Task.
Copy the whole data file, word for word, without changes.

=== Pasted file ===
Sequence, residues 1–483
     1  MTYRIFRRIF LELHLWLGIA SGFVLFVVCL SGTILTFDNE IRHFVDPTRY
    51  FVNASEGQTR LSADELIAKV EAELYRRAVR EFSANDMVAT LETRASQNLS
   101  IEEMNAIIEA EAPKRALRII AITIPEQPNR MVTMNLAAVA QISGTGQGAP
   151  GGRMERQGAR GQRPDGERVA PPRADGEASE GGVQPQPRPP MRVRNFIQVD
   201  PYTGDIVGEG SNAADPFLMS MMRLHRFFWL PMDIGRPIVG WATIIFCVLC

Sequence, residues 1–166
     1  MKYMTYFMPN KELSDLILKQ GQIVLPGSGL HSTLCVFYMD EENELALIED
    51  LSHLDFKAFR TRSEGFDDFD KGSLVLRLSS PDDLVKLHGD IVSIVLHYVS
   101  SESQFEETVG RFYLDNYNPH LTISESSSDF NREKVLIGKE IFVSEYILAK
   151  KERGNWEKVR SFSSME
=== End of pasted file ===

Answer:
Sequence, residues 1–483
     1  MTYRIFRRIF LELHLWLGIA SGFVLFVVCL SGTILTFDNE IRHFVDPTRY
    51  FVNASEGQTR LSADELIAKV EAELYRRAVR EFSANDMVAT LETRASQNLS
   101  IEEMNAIIEA EAPKRALRII AITIPEQPNR MVTMNLAAVA QISGTGQGAP
   151  GGRMERQGAR GQRPDGERVA PPRADGEASE GGVQPQPRPP MRVRNFIQVD
   201  PYTGDIVGEG SNAADPFLMS MMRLHRFFWL PMDIGRPIVG WATIIFCVLC

Sequence, residues 1–166
     1  MKYMTYFMPN KELSDLILKQ GQIVLPGSGL HSTLCVFYMD EENELALIED
    51  LSHLDFKAFR TRSEGFDDFD KGSLVLRLSS PDDLVKLHGD IVSIVLHYVS
   101  SESQFEETVG RFYLDNYNPH LTISESSSDF NREKVLIGKE IFVSEYILAK
   151  KERGNWEKVR SFSSME